Sadly Trump continues to reinforce concerns that his military and foreign policy decisions are impulsive, lack any strategy and escalate risk instead of de-escalation. In the face of his claims of (purported) imminent danger he advised or sought the advice or informed a few close associates like Sen. Lindsay Graham (R-SC), visitors to his Mar-A-Lago resort, but not Dem leaders, allies, NATO, Iraq (in violation of their sovereignty)… Though he does now offer assurances that he’s interested in allied and NATO coordination.
George Conway’s above tweet of a thread from Wednesday. He bolstered his Trump-wag-the-dog case with this, “He let all sorts of transgressions by the Iranians go previously, and is perfectly happy to kowtow to evil foreign leaders (KJU, Putin), but suddenly, he chooses the option that the military thought too extreme to actually select, and then threatens to commit war crimes.” Conway says the ‘difference’ is the Articles of Impeachment approved by the House. Conway then offers quotes (projection) from ten times Trump claimed Obama was certain to “attack Iran to win reelection”.
Feeding our concerns, we’ve learned that Trump’s trait is to double down whenever he feels discounted or questioned – meaning his pathologies are easily ‘poked’ resulting in ever-worsening, downward spiral of impulsive decisions.
But speaking of ‘impasse’ and impeachment, let’s move past the front page and to these dueling headlines:
If you want a little more color, go here:
There is some hope that GOP moderates might side with reason and fairness and force rules to hear from witnesses. But after a few encouraging, or at least not discouraging remarks, from the likes of Sen. Mitt Romney (R-UT) and Sen. Susan Collins (R-ME) those hopes are not looking so good. Romney has wilted away from voting to force McConnell to issue subpoenas and Collins quickly nodded in agreement that she’s Okay with McConnell’s rules.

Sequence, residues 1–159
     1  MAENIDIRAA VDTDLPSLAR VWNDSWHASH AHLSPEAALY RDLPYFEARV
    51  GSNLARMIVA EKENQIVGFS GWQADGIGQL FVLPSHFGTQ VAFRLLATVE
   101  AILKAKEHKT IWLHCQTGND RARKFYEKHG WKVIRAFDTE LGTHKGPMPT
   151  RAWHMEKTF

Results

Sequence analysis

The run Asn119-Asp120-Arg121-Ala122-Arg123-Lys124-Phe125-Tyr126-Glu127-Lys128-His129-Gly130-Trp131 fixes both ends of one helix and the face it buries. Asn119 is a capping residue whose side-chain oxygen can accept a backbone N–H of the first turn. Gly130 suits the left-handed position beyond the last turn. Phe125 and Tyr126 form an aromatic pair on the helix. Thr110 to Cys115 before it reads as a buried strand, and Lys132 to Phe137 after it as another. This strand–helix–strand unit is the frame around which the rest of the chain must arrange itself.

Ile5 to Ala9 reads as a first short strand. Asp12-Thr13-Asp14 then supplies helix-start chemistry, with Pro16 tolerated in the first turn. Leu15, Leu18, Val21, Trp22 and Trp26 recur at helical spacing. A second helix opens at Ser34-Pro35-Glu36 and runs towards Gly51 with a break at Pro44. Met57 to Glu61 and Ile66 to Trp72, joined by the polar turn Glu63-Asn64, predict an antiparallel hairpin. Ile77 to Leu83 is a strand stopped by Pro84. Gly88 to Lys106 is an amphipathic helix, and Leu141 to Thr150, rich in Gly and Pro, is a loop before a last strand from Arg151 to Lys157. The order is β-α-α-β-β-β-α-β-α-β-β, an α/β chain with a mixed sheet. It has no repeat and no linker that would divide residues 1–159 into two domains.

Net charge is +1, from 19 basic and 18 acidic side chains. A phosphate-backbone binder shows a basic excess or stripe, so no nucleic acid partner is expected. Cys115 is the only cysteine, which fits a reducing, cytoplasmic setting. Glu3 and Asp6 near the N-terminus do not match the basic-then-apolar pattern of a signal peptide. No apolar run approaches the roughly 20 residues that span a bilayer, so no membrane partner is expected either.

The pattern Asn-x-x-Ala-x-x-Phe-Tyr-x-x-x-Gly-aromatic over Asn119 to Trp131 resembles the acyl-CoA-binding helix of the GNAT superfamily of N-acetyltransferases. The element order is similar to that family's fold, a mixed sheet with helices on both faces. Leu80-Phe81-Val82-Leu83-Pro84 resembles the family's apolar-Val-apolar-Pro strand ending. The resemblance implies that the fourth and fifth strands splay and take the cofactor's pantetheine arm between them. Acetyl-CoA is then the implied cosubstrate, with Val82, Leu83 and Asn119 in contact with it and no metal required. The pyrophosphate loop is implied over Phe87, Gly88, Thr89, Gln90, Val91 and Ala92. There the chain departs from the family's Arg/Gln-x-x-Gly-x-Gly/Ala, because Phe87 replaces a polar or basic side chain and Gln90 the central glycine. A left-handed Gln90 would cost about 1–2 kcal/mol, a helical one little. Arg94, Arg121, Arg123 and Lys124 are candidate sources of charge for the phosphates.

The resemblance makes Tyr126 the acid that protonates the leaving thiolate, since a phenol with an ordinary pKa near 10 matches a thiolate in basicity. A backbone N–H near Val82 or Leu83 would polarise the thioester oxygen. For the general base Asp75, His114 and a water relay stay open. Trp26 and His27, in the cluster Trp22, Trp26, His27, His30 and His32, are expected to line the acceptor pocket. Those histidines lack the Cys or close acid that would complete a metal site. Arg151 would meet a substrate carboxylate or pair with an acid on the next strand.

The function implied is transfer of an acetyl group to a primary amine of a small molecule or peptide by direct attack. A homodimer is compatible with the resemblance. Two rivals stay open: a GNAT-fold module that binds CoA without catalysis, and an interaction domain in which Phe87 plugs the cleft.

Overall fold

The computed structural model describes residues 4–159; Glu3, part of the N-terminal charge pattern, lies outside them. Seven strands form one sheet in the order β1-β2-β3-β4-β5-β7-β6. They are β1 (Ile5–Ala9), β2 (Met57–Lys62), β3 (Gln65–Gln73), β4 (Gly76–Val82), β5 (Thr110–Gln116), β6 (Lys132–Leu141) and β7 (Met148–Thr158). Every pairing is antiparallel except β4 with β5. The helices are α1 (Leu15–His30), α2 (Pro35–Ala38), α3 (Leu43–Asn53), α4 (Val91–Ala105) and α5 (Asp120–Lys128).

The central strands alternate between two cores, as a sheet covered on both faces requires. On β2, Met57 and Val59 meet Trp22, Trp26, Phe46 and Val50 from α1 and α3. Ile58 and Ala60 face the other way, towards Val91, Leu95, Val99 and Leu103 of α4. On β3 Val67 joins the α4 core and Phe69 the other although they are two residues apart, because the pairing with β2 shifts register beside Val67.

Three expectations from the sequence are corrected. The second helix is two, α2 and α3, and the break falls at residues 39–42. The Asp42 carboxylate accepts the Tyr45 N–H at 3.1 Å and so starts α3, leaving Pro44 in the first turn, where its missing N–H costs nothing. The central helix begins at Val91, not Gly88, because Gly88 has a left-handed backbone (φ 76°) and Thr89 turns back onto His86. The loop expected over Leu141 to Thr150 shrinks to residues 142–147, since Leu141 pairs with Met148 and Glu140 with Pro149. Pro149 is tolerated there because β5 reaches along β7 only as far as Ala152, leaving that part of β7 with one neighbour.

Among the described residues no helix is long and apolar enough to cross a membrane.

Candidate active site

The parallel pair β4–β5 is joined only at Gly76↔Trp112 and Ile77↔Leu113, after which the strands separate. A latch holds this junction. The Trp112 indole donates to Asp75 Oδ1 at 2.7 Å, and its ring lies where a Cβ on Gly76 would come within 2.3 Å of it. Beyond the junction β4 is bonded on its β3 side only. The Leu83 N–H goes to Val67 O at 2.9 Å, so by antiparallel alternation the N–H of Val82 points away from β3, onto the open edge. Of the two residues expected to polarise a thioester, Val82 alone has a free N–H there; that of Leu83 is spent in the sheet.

But it’s not over till it’s over.
That said, Trump, by wag-the-dog or uncontrollable impulse, has pushed Impeachment far into the news background. And that lack of focus is aiding McConnell’s ability to keep Senate Republicans in line, because there is no media focus to push the questions of fairness and force the moderates to publicly declare.
Nonetheless there are hopes of new damning information bringing attention back to Impeachment; turns out one such hope is offered by George Conway, this time as a New York Times opinion piece written with lawyer and author Neal Katyal.
The authors offer an impassioned case for allowing crucial witnesses. Bolton is credited with having, “elevated truth and transparency over political gamesmanship” with his announcement that if subpoenaed by the Senate he would appear. They also offer a longer list of potential moderate Senators that might ‘do the right thing’. Here is their closing remark:
“The truth may not set the president free, but the Constitution is meant to keep the country free, and a fair and impartial trial is what must take place here.”
Final observation, Trump’s rash impulses potentially raise foreign policy from an election non-consideration to something of greater importance – one of many stark contrasts would be Trump’s actions, in contrast to Sen. Bernie Sanders (I-VT) antimilitarist credentials that I highlighted with his quote last edition, “Trump promised to end endless wars, but this action puts us on the path to another one.”
Impeach AND Remove.